Addmittedly it is a learned technique to successfully tighten the locknut without upsetting the gap that involves holding a pressure on the adjusting screw that counters the closing tendency, but if you're going to adjust your own valves you must learn it and not complete the job until you can do it knowing that the gaps are correct and properly secured. Anything less could cost you a cylinder head overhaul at least or an engine overhaul in the worst case.
     
  12. theo

    theo

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    Are you doing the compression test the same way each time? When I do it I pull all the plugs, block the throttle wide open, and crank it until the gauge stops increasing.

    Or getting past the rings.

    You won't cause excessive oil burning by setting the valves too tight. You'll just cause too much overlap between the exhaust and intake stages - trying to breathe fresh air in before all the stale air is blown out. I do it underwater sometimes when I see a really huge wolf eel or octupus.

    10-4!
     
  13. fyton2v

    fyton2v

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    thanks for the info

    it's a screw in tester. Other than the engine being warm I am doing the test differently this time.

    The first time I followed the instructions that came with the tester... but now I've forgotten what they were. This time I just disconnected the LT wire to the distributor, took out one plug, screwed in the tester and cranked it over for about 6 rotations.... give or take. I didn’t push down the accelerator.

    Is this not the correct way?

    Regardless, I'm going to go in there recheck my s*** and make sure I have the lash set correctly. However, I definitely want to have some repeatable compression tests so I can have a bench mark.

    You guys rock.
     
  14. honk

    honk

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    That's the wrong way to do it on two counts (at least).
    All of the sparkers should be removed before any testing so that the engine can turn at it's fastest and most consistent speed during each test AND you need to block open the throttle during all of the tests so that the results aren't skewed by variances in the resistance to the piston's pumping.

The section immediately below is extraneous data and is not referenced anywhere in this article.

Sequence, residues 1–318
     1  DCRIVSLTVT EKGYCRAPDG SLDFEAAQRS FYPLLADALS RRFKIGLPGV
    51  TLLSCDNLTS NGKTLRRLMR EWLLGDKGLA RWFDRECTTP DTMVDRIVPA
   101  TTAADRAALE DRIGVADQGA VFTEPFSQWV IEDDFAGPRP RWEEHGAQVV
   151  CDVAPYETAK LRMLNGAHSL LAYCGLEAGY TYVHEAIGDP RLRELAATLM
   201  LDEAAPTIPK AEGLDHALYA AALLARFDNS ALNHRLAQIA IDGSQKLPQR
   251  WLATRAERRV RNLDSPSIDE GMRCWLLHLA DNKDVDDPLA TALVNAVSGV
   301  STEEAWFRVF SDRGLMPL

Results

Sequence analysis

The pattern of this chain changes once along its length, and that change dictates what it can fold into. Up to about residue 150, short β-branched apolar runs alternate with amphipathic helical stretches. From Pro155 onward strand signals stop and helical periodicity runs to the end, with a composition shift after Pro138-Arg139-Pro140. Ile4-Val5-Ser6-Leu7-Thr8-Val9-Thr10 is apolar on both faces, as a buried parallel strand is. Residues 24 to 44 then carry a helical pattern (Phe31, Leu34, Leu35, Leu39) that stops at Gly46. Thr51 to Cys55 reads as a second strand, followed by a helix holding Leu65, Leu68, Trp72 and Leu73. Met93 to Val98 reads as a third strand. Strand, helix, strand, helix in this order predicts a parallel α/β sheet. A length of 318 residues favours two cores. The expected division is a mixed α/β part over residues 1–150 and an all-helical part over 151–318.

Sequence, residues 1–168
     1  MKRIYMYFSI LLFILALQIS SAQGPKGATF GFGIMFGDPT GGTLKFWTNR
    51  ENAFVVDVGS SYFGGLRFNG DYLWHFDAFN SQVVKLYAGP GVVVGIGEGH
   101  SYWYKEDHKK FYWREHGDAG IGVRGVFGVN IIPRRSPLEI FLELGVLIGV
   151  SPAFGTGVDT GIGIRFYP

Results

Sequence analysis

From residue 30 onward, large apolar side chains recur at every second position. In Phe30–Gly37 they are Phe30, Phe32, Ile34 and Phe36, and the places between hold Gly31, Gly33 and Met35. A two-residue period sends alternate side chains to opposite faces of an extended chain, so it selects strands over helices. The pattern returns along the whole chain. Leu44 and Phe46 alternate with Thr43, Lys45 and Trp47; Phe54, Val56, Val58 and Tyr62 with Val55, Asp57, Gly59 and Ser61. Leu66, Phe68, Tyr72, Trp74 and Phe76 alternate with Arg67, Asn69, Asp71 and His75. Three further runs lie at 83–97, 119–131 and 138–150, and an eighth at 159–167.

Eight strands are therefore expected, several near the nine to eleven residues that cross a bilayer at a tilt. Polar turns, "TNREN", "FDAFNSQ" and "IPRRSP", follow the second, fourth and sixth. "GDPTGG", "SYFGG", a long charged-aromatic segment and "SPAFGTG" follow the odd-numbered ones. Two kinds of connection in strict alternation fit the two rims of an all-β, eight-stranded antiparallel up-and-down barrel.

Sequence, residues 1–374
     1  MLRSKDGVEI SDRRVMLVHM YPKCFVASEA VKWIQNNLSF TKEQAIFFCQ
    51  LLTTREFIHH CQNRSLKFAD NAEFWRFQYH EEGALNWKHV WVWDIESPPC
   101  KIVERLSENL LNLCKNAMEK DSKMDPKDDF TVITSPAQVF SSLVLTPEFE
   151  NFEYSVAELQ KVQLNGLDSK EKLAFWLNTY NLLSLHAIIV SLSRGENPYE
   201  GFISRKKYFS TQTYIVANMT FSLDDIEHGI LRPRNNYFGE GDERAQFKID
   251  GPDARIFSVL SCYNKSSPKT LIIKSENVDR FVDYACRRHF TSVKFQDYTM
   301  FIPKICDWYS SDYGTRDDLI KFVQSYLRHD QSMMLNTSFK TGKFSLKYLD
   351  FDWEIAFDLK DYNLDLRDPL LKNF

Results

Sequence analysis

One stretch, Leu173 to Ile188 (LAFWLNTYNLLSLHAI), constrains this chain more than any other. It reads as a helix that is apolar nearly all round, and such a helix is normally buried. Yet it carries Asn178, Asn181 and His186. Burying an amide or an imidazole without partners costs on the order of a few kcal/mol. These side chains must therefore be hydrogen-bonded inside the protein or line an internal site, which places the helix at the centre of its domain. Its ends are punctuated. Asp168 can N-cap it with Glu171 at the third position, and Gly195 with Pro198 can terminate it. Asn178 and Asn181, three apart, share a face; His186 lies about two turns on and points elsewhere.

At least six revolutions per cylinder is good.

    Be sure that you're screwing the guage into the hole the same distance and with the same pressure against the seat for all cylinders.
     
  15. theo

    theo

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    You want the throttle plates open so there is no restriction to air flow.

    If you pull all the spark plugs it will turn over faster, but it's OK to do one at a time. I just think it's easier on the battery to pull them all.

    You are right to disconnect the HT (high tension) lead from the distributor. (Forgot to mention it earlier.) I ground that wire while testing because it has real potential to shock you out of your socks!

    good luck, come back with your next results.

    (too slow, oh well)
     
  16. honk

    honk

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    Yours is better, theo, than my pompous-sounding and wordy explanations. It's never too late for clarity :)
     
  17. fyton2v

    fyton2v

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    I did the compression tests again tonight in the correct way. Results were, from 1 to 6, 145-132-132-132-137-145 respectively.

    The first time I tested compression (about 6 months ago) I did it correctly. My memory was jogged by doing it the right way tonight. The previous results were 145-122-145-143-145-144. So it looks like the problem with #2 was improved with a valve adjustment, but I most likely misadjusted the others. I suppose it's not bad for a first try :).

    On another note, I'm pretty sure I was running on 5 cylinders. When I disconnected all the spark plug wires I think one wasn't seated properly. After reconnecting everything my engine is noticeably louder and seems to have more power. Also, for reasons I'm sure I'll understand with a lot more experience, the idle has jumped up what I'd guess to be about 300 - 400 additional RPMs (it was idling nice before). And finally, after I took it for a short drive it didn't want to turn off. It sputtered for a while, seemed to actually start itself, and then conked out all without the help of a key in the ignition. Sounded like Speed Buggy (for those of you who grew up watching cartoons in the 70s).

    Back to the drawing board.
     
  18. honk

    honk

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    Did you maybe forget to remove whatever you used to block open the throttle for compression testing?
     
  19. theo

    theo

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    So now you have compression testing and valve adjustment "under your belt". It's time to learn how to set the timing.

    Pull the cap, rotate the engine so the points are all the way open, and adjust the gap. Then disconnect and plug the vacuum lines to the distributor. Then rotate the distributor with the engine running and a timing light connected until the timing marks line up. You may have to readjust the idle speed as you go since it changes every time you change the timing. (You have to read up on where the marks are and what they mean. I've never tuned a 2F. And I probably forgot a key step.)

    If the timing is advanced too far you can have "run on" like you describe.

    Also, the idle should go up if you add a cylinder! Just adjust it back down to where it goes.

    Try the idle adjustment first and see if the engine shuts off properly. Then go on to timing if you need to. Eventually you will anyway.
     
  20. fyton2v

    fyton2v

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    The gauge I have doesn't realease pressure unless you open a little valve. Once it's screwed in I crank it over using the key and mash down the gas pedal.